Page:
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Ankylosing spondylitis and inflammatory bowel disease. II. Prevalence of peripheral arthritis, sacroiliitis, and ankylosing spondylitis in patients suffering from inflammatory bowel disease.
Ann Rheum Dis. 1978 Feb; 37(1):33-5.AR

Abstract

To establish the prevalence of peripheral arthritis, radiographic sacroiliitis, and ankylosing spondylitis in patients with inflammatory bowel disease, 58 consecutive patients suffering from ulcerative colitis (UC) and 51 with Crohn's disease (CD) underwent a detailed rheumatological examination. In addition, all patients were screened for the presence of the antigen HLA B27. Peripheral arthritis was found in 14 (8 UC, 6 CD) patients (12.8%); radiographic sacroiliitis was diagnosed in 11 (5 UC, 6 CD) (10.1%), of whom 10 were asymptomatic; and ankylosing spondylitis was diagnosed in 2 UC and 2 CD patients (3.7%). 18.9% of the UC and 3.9% of the CD patients were HLA B27 positive. One of the 11 patients with radiographic sacroiliitis and 2 of the 4 with ankylosing spondylitis had the HLA B27 antigen. Peripheral arthritis, radiographic sacroiliitis, and ankylosing spondylitis are apparently frequent manifestations in patients suffering from inflammatory bowel disease. Asymptomatic radiographic sacroiliitis in these patients appears to differ from idiopathic ankylosing spondylitis, both clinically and genetically. Evaluation of subjective rheumatological complaints, necessary for a confident diagnosis of ankylosing spondylitis, according to the New York criteria is difficult during a flare-up of the inflammatory bowel process, as was shown in 4 CD cases with marked limitation of lumbovertebral function and chest expansion, but no radiological abnormalities of the SI joints.

Authors

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Pub Type(s)

Journal Article

Language

eng

PubMed ID

629601

Citation

Dekker-Saeys, B J., et al. "Ankylosing Spondylitis and Inflammatory Bowel Disease. II. Prevalence of Peripheral Arthritis, Sacroiliitis, and Ankylosing Spondylitis in Patients Suffering From Inflammatory Bowel Disease." Annals of the Rheumatic Diseases, vol. 37, no. 1, 1978, pp. 33-5.
Dekker-Saeys BJ, Meuwissen SG, Van Den Berg-Loonen EM, et al. Ankylosing spondylitis and inflammatory bowel disease. II. Prevalence of peripheral arthritis, sacroiliitis, and ankylosing spondylitis in patients suffering from inflammatory bowel disease. Ann Rheum Dis. 1978;37(1):33-5.
Dekker-Saeys, B. J., Meuwissen, S. G., Van Den Berg-Loonen, E. M., De Haas, W. H., Agenant, D., & Tytgat, G. N. (1978). Ankylosing spondylitis and inflammatory bowel disease. II. Prevalence of peripheral arthritis, sacroiliitis, and ankylosing spondylitis in patients suffering from inflammatory bowel disease. Annals of the Rheumatic Diseases, 37(1), 33-5.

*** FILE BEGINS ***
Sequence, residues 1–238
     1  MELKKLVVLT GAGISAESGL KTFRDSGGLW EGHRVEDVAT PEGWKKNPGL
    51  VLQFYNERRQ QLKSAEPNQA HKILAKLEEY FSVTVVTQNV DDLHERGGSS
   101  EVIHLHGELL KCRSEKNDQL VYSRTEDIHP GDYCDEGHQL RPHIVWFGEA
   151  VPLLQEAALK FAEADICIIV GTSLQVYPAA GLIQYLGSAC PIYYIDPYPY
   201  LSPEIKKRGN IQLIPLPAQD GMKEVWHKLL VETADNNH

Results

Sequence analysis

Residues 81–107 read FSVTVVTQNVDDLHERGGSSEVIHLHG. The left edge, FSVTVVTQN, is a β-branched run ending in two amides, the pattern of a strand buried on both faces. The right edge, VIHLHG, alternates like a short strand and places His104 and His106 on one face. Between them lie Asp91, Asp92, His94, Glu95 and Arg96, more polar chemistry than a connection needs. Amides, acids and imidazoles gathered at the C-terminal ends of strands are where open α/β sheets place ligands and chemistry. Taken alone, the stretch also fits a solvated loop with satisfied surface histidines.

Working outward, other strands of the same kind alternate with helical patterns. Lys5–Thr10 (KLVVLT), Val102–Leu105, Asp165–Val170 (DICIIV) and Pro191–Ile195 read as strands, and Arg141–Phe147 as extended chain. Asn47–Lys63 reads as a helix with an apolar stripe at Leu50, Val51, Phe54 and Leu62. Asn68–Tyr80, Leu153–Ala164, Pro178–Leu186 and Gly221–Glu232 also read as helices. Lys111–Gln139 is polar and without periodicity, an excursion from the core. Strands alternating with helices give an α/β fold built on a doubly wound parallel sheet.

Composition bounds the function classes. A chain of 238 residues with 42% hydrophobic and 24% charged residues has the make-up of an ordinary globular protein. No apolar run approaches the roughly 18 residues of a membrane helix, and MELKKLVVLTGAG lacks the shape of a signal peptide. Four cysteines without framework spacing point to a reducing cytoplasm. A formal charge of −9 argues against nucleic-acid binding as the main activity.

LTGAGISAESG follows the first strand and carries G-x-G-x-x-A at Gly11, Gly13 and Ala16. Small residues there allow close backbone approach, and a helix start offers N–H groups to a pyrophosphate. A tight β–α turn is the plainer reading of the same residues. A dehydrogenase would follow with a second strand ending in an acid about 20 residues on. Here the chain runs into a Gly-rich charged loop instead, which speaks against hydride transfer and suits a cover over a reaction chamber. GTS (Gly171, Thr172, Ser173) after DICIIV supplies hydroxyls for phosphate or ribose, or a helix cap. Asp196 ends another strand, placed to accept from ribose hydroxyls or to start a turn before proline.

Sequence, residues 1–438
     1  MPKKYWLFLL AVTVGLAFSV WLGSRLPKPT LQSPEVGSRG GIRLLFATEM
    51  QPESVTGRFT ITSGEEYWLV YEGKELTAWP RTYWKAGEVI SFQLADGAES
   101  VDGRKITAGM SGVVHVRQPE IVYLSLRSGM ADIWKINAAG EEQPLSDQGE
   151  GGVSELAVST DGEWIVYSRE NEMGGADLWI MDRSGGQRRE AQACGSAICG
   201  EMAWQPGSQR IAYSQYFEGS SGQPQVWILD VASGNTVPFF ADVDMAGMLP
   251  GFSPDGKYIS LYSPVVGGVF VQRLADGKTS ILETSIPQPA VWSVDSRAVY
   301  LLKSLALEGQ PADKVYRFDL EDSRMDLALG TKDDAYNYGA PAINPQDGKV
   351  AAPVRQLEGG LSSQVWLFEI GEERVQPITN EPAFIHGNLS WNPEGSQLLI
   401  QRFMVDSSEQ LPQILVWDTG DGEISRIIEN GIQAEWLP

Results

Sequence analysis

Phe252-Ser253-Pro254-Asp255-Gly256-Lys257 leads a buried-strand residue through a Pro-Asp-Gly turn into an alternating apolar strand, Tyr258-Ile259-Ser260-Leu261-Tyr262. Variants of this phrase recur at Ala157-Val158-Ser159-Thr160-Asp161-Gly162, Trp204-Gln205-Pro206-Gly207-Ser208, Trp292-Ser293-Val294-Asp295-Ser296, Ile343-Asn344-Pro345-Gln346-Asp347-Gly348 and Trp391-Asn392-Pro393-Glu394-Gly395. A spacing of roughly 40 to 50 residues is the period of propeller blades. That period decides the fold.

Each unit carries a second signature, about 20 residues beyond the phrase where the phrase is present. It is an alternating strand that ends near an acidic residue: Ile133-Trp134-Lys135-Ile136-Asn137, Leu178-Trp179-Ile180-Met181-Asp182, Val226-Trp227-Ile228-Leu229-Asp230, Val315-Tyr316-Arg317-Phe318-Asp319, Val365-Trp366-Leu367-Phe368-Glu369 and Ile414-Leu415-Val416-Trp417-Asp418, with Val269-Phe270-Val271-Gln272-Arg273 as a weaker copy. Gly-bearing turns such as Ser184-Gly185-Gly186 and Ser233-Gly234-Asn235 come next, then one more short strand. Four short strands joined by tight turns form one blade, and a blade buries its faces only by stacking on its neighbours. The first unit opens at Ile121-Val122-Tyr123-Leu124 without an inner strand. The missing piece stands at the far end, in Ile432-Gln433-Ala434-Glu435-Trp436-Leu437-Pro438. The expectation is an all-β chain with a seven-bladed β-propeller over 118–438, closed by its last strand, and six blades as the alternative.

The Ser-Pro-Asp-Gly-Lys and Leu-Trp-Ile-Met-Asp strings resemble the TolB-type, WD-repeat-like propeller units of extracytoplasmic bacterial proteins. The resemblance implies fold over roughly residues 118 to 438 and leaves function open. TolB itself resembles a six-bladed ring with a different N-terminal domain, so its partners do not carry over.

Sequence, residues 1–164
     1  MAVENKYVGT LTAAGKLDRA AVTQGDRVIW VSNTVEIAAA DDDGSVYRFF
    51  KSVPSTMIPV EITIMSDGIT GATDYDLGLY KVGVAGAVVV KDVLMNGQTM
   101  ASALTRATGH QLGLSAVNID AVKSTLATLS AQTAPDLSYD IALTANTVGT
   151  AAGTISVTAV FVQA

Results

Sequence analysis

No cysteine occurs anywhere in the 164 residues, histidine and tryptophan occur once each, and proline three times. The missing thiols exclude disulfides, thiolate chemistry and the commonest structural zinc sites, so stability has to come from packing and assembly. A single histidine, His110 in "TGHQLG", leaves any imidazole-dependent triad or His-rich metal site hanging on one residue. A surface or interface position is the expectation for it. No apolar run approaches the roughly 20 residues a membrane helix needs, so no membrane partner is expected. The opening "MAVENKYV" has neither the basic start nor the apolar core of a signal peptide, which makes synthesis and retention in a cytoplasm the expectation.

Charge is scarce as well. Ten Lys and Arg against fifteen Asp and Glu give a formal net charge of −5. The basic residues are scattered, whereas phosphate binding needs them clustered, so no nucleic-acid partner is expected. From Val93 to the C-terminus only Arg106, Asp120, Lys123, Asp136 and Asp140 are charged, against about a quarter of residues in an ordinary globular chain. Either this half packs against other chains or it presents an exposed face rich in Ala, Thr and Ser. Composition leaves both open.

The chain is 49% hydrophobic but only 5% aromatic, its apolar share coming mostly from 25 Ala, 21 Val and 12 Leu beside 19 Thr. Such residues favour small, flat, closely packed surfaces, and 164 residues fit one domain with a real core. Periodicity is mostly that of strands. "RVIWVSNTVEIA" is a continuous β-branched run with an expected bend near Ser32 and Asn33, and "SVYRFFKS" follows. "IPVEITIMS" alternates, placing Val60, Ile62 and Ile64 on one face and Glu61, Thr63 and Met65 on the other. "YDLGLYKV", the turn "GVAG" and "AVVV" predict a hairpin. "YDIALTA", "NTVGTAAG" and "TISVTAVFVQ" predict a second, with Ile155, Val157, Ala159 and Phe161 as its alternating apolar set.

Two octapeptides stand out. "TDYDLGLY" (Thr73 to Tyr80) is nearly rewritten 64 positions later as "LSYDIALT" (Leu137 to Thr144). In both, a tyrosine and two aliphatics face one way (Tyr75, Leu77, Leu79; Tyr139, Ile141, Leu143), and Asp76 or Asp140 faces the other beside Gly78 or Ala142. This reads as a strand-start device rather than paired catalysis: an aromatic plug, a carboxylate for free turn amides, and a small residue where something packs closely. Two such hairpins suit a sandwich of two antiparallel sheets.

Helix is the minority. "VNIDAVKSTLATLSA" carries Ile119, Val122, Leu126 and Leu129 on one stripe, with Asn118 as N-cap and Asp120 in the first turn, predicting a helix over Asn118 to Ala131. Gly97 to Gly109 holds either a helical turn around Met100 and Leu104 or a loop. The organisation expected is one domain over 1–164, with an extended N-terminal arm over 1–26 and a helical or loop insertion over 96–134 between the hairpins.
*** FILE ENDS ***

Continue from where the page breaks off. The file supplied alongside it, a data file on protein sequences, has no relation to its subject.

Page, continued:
Dekker-Saeys BJ, et al. Ankylosing Spondylitis and Inflammatory Bowel Disease. II. Prevalence of Peripheral Arthritis, Sacroiliitis, and Ankylosing Spondylitis in Patients Suffering From Inflammatory Bowel Disease. Ann Rheum Dis. 1978;37(1):33-5. PubMed PMID: 629601.
* Article titles in AMA citation format should be in sentence-case
TY - JOUR T1 - Ankylosing spondylitis and inflammatory bowel disease. II. Prevalence of peripheral arthritis, sacroiliitis, and ankylosing spondylitis in patients suffering from inflammatory bowel disease. AU - Dekker-Saeys,B J, AU - Meuwissen,S G, AU - Van Den Berg-Loonen,E M, AU - De Haas,W H, AU - Agenant,D, AU - Tytgat,G N, PY - 1978/2/1/pubmed PY - 1978/2/1/medline PY - 1978/2/1/entrez SP - 33 EP - 5 JF - Annals of the rheumatic diseases JO - Ann Rheum Dis VL - 37 IS - 1 N2 - To establish the prevalence of peripheral arthritis, radiographic sacroiliitis, and ankylosing spondylitis in patients with inflammatory bowel disease, 58 consecutive patients suffering from ulcerative colitis (UC) and 51 with Crohn's disease (CD) underwent a detailed rheumatological examination. In addition, all patients were screened for the presence of the antigen HLA B27. Peripheral arthritis was found in 14 (8 UC, 6 CD) patients (12.8%); radiographic sacroiliitis was diagnosed in 11 (5 UC, 6 CD) (10.1%), of whom 10 were asymptomatic; and ankylosing spondylitis was diagnosed in 2 UC and 2 CD patients (3.7%). 18.9% of the UC and 3.9% of the CD patients were HLA B27 positive. One of the 11 patients with radiographic sacroiliitis and 2 of the 4 with ankylosing spondylitis had the HLA B27 antigen. Peripheral arthritis, radiographic sacroiliitis, and ankylosing spondylitis are apparently frequent manifestations in patients suffering from inflammatory bowel disease. Asymptomatic radiographic sacroiliitis in these patients appears to differ from idiopathic ankylosing spondylitis, both clinically and genetically. Evaluation of subjective rheumatological complaints, necessary for a confident diagnosis of ankylosing spondylitis, according to the New York criteria is difficult during a flare-up of the inflammatory bowel process, as was shown in 4 CD cases with marked limitation of lumbovertebral function and chest expansion, but no radiological abnormalities of the SI joints. SN - 0003-4967 UR - https://www.unboundmedicine.com/medline/citation/629601/Ankylosing_spondylitis_and_inflammatory_bowel_disease__II__Prevalence_of_peripheral_arthritis_sacroiliitis_and_ankylosing_spondylitis_in_patients_suffering_from_inflammatory_bowel_disease_ L2 - https://ard.bmj.com/lookup/pmidlookup?view=long&pmid=629601 DB - PRIME DP - Unbound Medicine ER -